I’m going to take the idea of “5 things one can do” and restate it as “one thing you can do 5 times.” Closing requires you to show you’re constantly caring and thinking about that prospect. Be prepared to follow up with the prospect weekly for more than a month with relevant insights and empathetic content that shows you’re thinking about them and their well-being. I literally mean five weekly touches. And each one includes a gentle message asking for the latest on their thinking about the proposal. And offer a call or virtual meeting to chat about the proposal, answer questions or clarify thinking.

Finally, what are your thoughts about ‘Follow up’? Many businesses get leads who might be interested but things never seem to close. What are some good tips for a business leader to successfully follow up and bring things to a conclusion, without appearing overly pushy or overeager?

Pretty much the same as the previous question. Regular, weekly touches with the lead shows you’re looking out for their well-being. These touches should make them smarter, so go heavy on insights, light on self-promotion. If, after 4 or 5 weekly touches there’s still no response, back off to one every 2–3 weeks for two cycles, then keep them in your sights with monthly outreach.

As you know there are so many modes of communication today. For example, In-person, phone calls, video calls, emails, and text messages. In your opinion, which of these communication methods should be avoided when attempting to close a sale or follow up? Which are the best ones? Can you explain or give a story?

I’ve never even thought of using text messages to close a sale. Wow — what a modern and terrible idea! You’re showing your prospect that you care so much about them that you’re willing to spend 10 seconds to compose something with acronyms, emojis and typos. We think that any direct conversation — whether in person (ahh, the good old days!), by phone or by video — is a great way to close. You can address issues, obstacles, ask smart questions, all in real time. Email is next best. I’ve closed business all these ways. To a certain extent it ultimately depends on what the prospect prefers and the degree of difficulty involved in getting that person on the phone or on video. If a prospect is hard to reach or hard to schedule, I’d rather send a compelling email in the near-term than wait for a meeting that might have to be weeks or months away. But here’s the key — your email content should still be prospect-centric. And you should propose a meeting or call within 1–2 weeks.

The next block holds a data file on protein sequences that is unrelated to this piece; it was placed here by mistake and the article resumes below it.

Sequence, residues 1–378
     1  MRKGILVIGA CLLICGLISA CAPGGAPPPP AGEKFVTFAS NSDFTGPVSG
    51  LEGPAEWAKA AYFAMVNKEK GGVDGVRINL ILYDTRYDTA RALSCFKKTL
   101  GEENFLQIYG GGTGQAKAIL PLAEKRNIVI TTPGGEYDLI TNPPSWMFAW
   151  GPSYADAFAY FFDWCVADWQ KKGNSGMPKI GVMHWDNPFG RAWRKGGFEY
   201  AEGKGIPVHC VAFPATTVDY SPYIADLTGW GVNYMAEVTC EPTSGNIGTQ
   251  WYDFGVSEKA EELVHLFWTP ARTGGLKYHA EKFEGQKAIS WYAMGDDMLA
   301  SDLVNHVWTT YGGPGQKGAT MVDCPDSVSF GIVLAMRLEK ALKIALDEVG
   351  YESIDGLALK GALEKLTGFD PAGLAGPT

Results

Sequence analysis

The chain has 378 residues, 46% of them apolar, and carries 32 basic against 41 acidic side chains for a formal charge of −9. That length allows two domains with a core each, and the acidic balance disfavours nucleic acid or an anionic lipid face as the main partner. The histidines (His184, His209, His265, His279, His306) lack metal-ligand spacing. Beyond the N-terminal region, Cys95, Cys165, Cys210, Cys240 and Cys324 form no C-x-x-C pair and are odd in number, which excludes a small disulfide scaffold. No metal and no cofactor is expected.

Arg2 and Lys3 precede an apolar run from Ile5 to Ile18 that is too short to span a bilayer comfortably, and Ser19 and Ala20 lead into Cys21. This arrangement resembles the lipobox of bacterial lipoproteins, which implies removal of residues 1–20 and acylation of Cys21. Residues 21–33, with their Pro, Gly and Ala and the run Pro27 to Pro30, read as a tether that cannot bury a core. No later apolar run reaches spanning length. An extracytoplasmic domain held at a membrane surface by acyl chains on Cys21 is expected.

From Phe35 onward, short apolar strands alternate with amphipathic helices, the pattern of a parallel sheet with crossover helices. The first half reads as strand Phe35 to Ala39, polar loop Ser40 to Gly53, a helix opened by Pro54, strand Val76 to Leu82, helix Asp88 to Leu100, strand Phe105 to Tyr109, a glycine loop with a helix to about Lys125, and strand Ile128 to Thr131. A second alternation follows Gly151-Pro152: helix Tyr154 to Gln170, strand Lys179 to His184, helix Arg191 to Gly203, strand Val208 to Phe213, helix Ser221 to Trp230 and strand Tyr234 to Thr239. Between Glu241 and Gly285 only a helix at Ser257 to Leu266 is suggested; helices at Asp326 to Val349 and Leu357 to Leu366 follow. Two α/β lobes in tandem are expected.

Ok, we are nearly done. Here is our final “meaty” question. You are a person of enormous influence. If you could inspire a movement that would bring the most amount of good to the greatest amount of people, what would that be? You never know what your idea can trigger. 🙂

Invest in growth. Time, energy, money. The only way we’re going to help more people get through this pandemic — and help some of them thrive — is to create more opportunities for more people. It’s hard to cut your way to profitability. Most businesses have already made all the cuts they can make while still providing a decent product or service to their clients or customers. Now’s the time to reallocate one’s available resources to growth. That positive, forward-looking momentum will build business and create opportunities. It’ll also energize everyone you work with and give real purpose to their work. They’re not doing what they do just so someone else can make money. They’re doing it so more people can have work and find satisfaction.

How can our readers follow you online?

Bob Wiesner’s LinkedIn: https://www.linkedin.com/in/bobwiesner/

The Artemis Partnership LinkedIn: https://www.linkedin.com/company/the-artemis-partnership/

The Artemis Partnership Twitter: https://twitter.com/ArtemisPrtnrs

The Artemis Partnership Website: https://www.artemispartnership.com

Thank you for the interview. We wish you only continued success!